The weather was fantastic, and the views were spectacular. We couldn’t turn this event down at only $30USD per flight and $10USD per video (some bargaining was involved). I had to do some serious editing to chop down the video material down from about 40 minutes to only 2.5 minutes. This video is very authentic in representing our experience, with the exception of the take off. The take off slope was very, very steep – not at all represented in the video.

Another surprise was that since we were the first foreign cruisers to arrive in Alanya, we became an object of some interest and were interviewed by a TV station from Antalya and subsequently our story appeared on Turkish television, and maybe elsewhere. This is the link to the magazine, and this is the link to the video – of course its all in Turkish, except for the video interview.

Like everywhere else we travel to, we always seek out the local market and have become accustomed to going there every Friday. It is much like any other market, but I will point out that it is very clean, and the prices are clearly marked at the stalls. Of course, once we enter the market area, we have to “mask up”.

Today, we stopped at a little park just outside the market, waiting for our bus. The brilliant sunshine is creating havoc with my photos, often over exposing them.

Last week, when we went to the market with Eric and Pam on Pied-a-Mer III, we stopped at a local fast-food restaurant for local food.

Today, I also noticed this little friendly cat with some unusual, but beautiful patterns in her fur.

We’ve been busy with boat maintenance and repairs. Our sails have been sent to a sailmaker in Marmaris for work. We have two big projects in mind this year, and they both require the boat to be hauled. We will have the bottom sandblasted and painted “again”. This was last done in NZ, a mere four years ago. Unfortunately, we were not present for a lot of the work, and although it looked superficially fine on the outside, underneath – it is not good. In NZ, the yard insisted on doing “wet sandblasting” following strict environmental laws, but this is never a good idea for a steel hull. Also, they simply did not apply enough epoxy “primer” before painting on the Coppercoat.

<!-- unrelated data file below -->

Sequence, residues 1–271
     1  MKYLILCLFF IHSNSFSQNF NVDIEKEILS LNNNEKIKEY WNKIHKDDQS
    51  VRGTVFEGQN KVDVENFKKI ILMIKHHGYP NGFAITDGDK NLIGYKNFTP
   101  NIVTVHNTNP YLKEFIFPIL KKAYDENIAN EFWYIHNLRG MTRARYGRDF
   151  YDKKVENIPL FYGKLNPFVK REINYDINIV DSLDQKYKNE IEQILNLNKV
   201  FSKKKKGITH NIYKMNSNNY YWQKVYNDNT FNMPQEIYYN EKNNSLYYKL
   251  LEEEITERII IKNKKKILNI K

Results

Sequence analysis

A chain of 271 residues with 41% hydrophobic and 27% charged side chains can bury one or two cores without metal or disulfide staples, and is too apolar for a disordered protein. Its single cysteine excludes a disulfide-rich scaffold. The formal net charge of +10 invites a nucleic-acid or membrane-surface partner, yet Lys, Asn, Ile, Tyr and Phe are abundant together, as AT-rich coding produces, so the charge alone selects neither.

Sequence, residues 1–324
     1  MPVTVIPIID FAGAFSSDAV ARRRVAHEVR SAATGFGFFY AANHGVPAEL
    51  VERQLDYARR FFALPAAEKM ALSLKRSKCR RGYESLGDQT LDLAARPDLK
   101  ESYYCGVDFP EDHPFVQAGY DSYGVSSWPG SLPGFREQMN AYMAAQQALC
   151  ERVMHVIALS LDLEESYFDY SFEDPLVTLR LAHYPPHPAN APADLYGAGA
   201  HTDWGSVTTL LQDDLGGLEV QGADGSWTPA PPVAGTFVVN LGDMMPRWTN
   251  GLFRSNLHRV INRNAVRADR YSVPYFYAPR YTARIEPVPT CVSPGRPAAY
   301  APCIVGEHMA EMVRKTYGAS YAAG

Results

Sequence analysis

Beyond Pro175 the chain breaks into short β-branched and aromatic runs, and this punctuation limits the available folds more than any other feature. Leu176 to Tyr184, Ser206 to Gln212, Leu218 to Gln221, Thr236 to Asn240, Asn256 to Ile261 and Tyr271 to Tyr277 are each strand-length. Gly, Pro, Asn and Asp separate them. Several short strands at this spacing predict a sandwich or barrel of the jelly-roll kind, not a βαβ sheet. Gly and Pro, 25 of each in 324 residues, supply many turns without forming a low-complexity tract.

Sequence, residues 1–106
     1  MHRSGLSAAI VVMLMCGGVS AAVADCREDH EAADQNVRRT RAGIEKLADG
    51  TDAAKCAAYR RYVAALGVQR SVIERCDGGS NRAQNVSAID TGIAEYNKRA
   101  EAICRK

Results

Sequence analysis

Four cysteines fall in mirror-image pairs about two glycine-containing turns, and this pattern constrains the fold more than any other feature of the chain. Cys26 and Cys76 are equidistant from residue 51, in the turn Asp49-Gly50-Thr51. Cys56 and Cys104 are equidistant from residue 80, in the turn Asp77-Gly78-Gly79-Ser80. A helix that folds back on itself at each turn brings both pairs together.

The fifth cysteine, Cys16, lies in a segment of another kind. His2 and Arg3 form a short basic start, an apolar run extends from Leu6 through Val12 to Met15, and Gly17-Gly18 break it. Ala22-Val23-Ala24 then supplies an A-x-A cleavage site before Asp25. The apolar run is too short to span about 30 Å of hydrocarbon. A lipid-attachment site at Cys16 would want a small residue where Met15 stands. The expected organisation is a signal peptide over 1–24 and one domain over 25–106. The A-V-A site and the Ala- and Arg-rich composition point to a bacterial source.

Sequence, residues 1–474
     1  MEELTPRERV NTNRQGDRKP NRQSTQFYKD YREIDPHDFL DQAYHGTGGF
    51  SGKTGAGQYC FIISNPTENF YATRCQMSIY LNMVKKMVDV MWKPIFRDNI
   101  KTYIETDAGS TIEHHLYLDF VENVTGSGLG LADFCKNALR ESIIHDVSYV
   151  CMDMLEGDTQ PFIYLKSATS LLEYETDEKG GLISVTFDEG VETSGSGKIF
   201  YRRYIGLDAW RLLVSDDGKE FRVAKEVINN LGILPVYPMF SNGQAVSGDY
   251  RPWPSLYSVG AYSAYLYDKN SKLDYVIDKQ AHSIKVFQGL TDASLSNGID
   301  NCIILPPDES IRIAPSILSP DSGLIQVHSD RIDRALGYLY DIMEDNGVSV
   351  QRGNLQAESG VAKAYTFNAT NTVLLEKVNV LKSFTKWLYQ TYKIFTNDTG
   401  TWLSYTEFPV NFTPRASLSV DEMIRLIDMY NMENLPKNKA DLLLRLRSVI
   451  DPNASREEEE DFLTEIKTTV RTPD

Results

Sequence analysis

Sadly, after only two years, the result was rust leaching through the paint, and over $25K in wasted money. The second big job will be removing the deck Treadmaster and repainting the decks. To that end, I have started on the tedious job of removing this excellent but aged deck non-slip material.

So far, I’ve probably removed about 20% of the Treadmaster, but its a tedious and dirty job – particularly in the heat. I’ve tried an oscillating tool (with a scraper and a cutter blade), a planer and a grinder – one after the other.

To be honest, the best result is with a hammer and chisel, but it is also the most tiring!